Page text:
Instead of manually identified lexical features, we adopt a dense representation of instances using their pre-computed neural network embeddings. In this work, we use RoBERTa25 fine-tuned on a small subset of the dataset. Concretely, we use 6k instances (5k for training and 1k for validation) from the dataset (containing 53k instances in total) to fine-tune RoBERTa (referred to as RoBERTaembed). We use RoBERTaembed to pre-compute the embeddings for the rest of the instances (47k) as the input for AFLITE. We discard the 6k instances from the final dataset.

Next, we use an ensemble of linear classifiers (logistic regressions) trained on random subsets of the data to determine whether the representation used in RoBERTaembed is strongly indicative of the correct answer option. If so, we discard the corresponding instances and proceed iteratively.

Figure 1 provides an illustration of AFLITE algorithm. The algorithm takes as input the pre-computed embeddings and labels, along with the size n of the ensemble, the training size m for the classifiers in the ensemble, the size of the filtering cutoff, and the filtering threshold τ. At each filtering phase, we train n linear classifiers on different random partitions of the data and we collect their predictions on their corresponding validation set. For each instance, we compute its score as the ratio of correct predictions over the total number of predictions. We rank the instances according to their score and remove the top-k instances whose score is above threshold τ. We repeat this process until we remove fewer than k instances in a filtering phase or there are fewer than m remaining instances. When applying AFLITE to WINOGRANDE, we set m = 10,000, n = 64, k = 500, and τ = 0.75.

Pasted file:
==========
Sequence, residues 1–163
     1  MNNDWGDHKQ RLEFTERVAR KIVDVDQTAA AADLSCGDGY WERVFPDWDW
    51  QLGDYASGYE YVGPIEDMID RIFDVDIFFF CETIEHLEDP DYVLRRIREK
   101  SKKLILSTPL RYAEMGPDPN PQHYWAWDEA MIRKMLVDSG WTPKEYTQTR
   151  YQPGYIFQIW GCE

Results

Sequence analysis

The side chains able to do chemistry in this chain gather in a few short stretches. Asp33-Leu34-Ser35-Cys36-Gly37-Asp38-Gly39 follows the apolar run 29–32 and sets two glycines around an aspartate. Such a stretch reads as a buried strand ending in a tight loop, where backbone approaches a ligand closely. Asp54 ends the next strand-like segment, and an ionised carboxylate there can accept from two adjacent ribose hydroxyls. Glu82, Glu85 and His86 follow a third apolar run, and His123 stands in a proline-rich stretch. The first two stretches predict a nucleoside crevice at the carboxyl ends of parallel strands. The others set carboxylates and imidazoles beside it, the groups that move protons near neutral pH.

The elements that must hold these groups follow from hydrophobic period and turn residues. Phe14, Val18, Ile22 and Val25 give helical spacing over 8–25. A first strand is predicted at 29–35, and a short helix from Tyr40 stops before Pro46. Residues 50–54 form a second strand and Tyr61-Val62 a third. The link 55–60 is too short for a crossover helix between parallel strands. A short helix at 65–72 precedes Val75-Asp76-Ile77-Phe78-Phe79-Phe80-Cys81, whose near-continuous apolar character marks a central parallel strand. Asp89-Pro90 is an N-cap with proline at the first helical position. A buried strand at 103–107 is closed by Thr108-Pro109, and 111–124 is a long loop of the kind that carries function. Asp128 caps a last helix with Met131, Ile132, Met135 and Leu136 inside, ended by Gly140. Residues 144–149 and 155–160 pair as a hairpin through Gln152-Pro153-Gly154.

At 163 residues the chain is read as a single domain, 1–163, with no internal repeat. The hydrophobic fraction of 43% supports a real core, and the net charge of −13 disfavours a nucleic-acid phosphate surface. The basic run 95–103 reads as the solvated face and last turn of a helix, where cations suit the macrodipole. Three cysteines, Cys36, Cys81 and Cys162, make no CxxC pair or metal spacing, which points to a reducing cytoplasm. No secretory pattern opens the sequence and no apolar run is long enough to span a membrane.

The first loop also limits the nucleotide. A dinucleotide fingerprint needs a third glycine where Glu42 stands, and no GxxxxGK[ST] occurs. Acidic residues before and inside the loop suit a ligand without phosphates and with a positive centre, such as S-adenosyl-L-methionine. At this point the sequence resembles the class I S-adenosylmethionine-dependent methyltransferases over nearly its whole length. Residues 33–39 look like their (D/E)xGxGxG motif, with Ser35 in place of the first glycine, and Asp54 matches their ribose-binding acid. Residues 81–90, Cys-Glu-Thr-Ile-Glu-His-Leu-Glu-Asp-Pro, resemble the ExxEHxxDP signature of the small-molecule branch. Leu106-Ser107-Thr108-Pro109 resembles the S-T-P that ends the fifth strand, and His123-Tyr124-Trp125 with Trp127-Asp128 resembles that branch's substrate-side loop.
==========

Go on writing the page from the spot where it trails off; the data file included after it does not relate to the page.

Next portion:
Figure 1. Illustration of the AfLite algorithm. It takes as input the pre-computed representations of each instance (e.g., BERT embeddings). An ensemble of linear classifiers are trained on different random partitions of the data and used to compute the predictability score for each instance. The algorithm filters out the instances with the highest scores and proceeds iteratively to the next filtering phase.